YouTube clip: fighting Bryan McCabe of the Toronto Maple Leafs. The two had a previous dust up where Barrie sucker-punched McCabe and was suspended two games.

460 - Felix Potvin

A goalie, Potvin was drafted 31st overall by Toronto in 1990. In the season following the draft Potvin won CHL and QMJHL goalie of the year, was named the best goalie and a tournament all-star at the Memorial Cup and best defensive player, playoff MVP and a first team all-star in the QMJHL. Turning pro he continued to add to his trophy case, winning best goalie and rookie of the year in the AHL, while also earning a first team all-star selection as he won 35 games with St. John’s.

After appearing in four games with the Leafs in 1991-92, Potvin joined the team full-time the next season, playing in 48 games, winning 25 and leading the league with a 2.50 goals against average. He was named to the all-rookie team and finished third in Calder and fourth in Vezina voting. After usurping Grant Fuhr as the team’s starter during the regular season, Potvin went on to lead the playoffs in minutes and games played as the Leafs made it to the Campbell Conference Finals.

Potvin’s next five seasons in Toronto would be marked by heroic efforts on a declining team. In 1993-94 he won 34 games (a career-high), and would play in 66 games or more games in four of the five seasons. In 1996-97 he led the league in minutes, shots against, saves, goals against and losses.

After the Leafs missed the playoffs two years in a row, Potvin was dealt to the New York Islanders in January 1999 for Bryan Berard and a swap of sixth-round draft picks. After 33 games and less than a year on Long Island, he was on the move again, going to Vancouver in December with two draft picks for Bill Muckalt, Dave Scatchard and Kevin Weekes. Over two seasons with the Canucks Potvin won 26 games in 59 appearances before a February 2001 trade to Los Angeles.

Finishing the 2000-01 season strong with 13 wins in 23 games for the Kings, he helped orchestrate an upset of Detroit in the Western Conference Quarter-Finals and took eventual champions Colorado to seven games in the Conference Semi-Finals. The following season Potvin played in 71 games, his most since 1996-97, winning 31 games. He played his final pro season in 2003-04 with Boston, posting a 12-8-6 record in 28 games.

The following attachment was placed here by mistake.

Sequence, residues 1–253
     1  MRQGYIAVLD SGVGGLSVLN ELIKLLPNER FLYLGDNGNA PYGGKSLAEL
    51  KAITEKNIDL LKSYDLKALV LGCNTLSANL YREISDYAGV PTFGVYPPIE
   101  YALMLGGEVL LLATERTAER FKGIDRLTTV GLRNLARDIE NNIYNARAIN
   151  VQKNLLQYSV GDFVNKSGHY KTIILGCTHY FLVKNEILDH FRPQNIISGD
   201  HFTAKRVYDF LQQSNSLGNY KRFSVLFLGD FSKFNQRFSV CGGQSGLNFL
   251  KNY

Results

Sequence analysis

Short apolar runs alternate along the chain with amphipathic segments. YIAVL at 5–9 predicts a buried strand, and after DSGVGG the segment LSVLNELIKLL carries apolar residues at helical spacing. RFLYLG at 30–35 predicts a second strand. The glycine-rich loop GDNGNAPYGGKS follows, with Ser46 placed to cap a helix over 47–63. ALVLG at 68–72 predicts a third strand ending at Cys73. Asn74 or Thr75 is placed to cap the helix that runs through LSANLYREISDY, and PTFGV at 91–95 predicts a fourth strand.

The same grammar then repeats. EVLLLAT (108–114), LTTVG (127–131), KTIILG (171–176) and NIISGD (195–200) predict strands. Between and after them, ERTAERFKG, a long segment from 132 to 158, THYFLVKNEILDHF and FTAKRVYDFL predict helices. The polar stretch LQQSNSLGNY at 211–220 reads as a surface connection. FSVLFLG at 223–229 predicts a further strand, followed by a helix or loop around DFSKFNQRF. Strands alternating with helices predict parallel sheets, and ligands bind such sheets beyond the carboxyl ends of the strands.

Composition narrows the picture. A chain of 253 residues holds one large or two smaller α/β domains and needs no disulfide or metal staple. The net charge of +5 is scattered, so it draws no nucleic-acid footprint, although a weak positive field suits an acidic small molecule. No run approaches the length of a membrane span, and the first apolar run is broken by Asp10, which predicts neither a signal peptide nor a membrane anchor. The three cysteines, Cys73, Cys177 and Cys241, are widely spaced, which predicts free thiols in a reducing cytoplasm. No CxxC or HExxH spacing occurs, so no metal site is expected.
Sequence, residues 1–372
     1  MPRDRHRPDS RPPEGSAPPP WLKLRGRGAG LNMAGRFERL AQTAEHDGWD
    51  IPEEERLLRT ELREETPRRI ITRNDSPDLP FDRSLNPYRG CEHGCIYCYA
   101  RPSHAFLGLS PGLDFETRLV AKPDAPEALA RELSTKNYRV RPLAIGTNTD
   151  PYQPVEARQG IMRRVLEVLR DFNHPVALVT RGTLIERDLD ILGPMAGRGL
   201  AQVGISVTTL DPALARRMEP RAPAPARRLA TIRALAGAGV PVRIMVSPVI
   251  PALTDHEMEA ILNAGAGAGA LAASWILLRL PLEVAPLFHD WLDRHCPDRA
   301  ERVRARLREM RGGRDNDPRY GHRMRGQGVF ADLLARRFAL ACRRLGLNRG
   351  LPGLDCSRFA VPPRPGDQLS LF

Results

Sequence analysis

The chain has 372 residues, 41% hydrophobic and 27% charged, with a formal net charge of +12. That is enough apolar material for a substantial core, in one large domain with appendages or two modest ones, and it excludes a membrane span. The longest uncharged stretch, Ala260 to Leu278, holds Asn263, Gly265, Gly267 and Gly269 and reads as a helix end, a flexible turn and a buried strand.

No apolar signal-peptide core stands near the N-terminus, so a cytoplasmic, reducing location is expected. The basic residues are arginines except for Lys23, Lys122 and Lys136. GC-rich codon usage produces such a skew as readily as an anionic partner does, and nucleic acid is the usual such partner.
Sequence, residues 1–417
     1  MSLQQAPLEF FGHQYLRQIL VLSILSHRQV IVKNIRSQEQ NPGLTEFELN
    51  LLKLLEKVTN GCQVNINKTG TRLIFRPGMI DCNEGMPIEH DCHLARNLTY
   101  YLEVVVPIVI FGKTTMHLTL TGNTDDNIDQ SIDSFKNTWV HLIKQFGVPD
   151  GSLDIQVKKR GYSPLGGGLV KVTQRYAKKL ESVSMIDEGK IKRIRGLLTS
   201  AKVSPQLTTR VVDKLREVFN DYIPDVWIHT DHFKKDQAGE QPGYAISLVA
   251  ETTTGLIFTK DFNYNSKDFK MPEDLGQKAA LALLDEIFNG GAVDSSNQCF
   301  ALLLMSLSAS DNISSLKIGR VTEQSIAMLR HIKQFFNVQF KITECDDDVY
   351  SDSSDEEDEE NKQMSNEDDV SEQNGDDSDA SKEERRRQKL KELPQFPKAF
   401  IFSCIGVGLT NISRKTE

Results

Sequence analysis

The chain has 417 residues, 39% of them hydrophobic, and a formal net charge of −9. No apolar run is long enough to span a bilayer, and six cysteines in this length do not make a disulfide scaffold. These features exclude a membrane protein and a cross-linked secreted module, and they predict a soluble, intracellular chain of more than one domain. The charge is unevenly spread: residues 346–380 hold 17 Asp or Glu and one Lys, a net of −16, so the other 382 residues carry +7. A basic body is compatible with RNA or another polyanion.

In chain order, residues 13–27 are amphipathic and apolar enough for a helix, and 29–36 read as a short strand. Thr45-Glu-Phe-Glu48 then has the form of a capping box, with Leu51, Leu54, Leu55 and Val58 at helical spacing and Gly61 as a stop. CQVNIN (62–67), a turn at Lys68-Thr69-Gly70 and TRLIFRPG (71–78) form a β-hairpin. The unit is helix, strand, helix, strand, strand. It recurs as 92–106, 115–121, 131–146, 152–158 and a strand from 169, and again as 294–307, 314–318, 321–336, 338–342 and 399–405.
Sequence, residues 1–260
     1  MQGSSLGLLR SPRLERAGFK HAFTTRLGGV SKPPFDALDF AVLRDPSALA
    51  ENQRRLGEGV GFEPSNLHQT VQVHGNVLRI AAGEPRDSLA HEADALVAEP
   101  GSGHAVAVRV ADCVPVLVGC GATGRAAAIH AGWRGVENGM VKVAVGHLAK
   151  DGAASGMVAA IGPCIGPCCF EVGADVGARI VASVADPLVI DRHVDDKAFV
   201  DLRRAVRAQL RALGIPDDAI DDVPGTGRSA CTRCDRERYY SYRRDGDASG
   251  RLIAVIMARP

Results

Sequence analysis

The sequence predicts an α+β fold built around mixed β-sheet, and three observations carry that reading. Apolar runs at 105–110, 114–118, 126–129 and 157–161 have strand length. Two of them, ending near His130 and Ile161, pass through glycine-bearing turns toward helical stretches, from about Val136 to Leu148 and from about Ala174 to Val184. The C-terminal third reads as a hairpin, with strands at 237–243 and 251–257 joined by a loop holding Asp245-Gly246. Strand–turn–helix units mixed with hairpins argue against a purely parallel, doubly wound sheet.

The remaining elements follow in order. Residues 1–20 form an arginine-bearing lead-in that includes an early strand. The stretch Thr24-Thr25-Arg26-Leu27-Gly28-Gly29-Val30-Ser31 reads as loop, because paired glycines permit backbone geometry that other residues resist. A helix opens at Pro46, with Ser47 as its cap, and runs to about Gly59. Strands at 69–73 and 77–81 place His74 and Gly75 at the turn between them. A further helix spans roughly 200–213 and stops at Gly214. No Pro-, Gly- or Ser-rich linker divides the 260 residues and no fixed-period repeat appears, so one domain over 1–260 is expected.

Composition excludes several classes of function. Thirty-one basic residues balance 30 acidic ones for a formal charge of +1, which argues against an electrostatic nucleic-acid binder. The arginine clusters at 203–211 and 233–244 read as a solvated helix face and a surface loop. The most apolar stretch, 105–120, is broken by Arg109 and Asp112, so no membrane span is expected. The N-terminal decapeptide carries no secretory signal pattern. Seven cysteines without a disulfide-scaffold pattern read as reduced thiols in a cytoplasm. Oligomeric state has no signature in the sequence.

In 13 NHL seasons, the Cat posted a 266-260-85 record, .905 save percentage and 2.76 goals against average. He played in two all-star games (1994 and 1996) and ranks tops 50 all-time in losses, shots against, minutes and saves. From 2007 to 2021 he was a coach for Magog in Quebec AAA youth hockey.

YouTube clips: making a diving save in Game 2 of 1994 Western Conference Quarter-Finals against Chicago. Known for his acrobatic saves, Potvin also had four career fights (two NHL, two QMJHL). His most famous fight was with Ron Hextall, but his scrap from the 1993 playoffs with Dino Ciccarelli is also a good one (but not technically a fight).

461 - Brian Sakic

A centre, Sakic was drafted 93rd overall by Washington in 1990. The brother of Joe Sakic, Brian scored 40 goals and 162 points with Tri-City in the WHL the year following the draft, earning a first team all-star selection.

Sakic turned pro in 1992-93 with Erie of the ECHL, then joined Flint in the Colonial League the following season. In three seasons with Flint he scored 96 or more points each season, then briefly joined Austin of the Western Professional Hockey League 1996-97. Sakic returned to Flint during that season, and played two additional seasons, scoring 120 and 108 points respectively. During his career with Flint he scored 628 points in 396 games, and is the franchise’s all-time leader in assists, second in points and fifth in games played.

Sakic last appeared in the news as part of a 2022 CBC news story about sexual assault in junior hockey, specifically the handling of allegations that he and a teammate were involved in a sexual assault in 1989.

462 - Viacheslav Kozlov

A left winger, Kozlov was drafted 45th overall by Detroit in 1990. He had played pro hockey in Russia since the age of 16, and came to North America for the 1991-92 season, playing seven games for the Red Wings that season. His NHL debut came following a car accident in October 1991 in which his passenger was killed and Kozlov suffered massive head/brain injuries. The following season Kozlov played primarily with Adirondack in the AHL, appearing in 17 games with Detroit. His NHL breakthrough game in 1993-94, playing in 77 games with the Wings, scoring 34 goals and 73 points.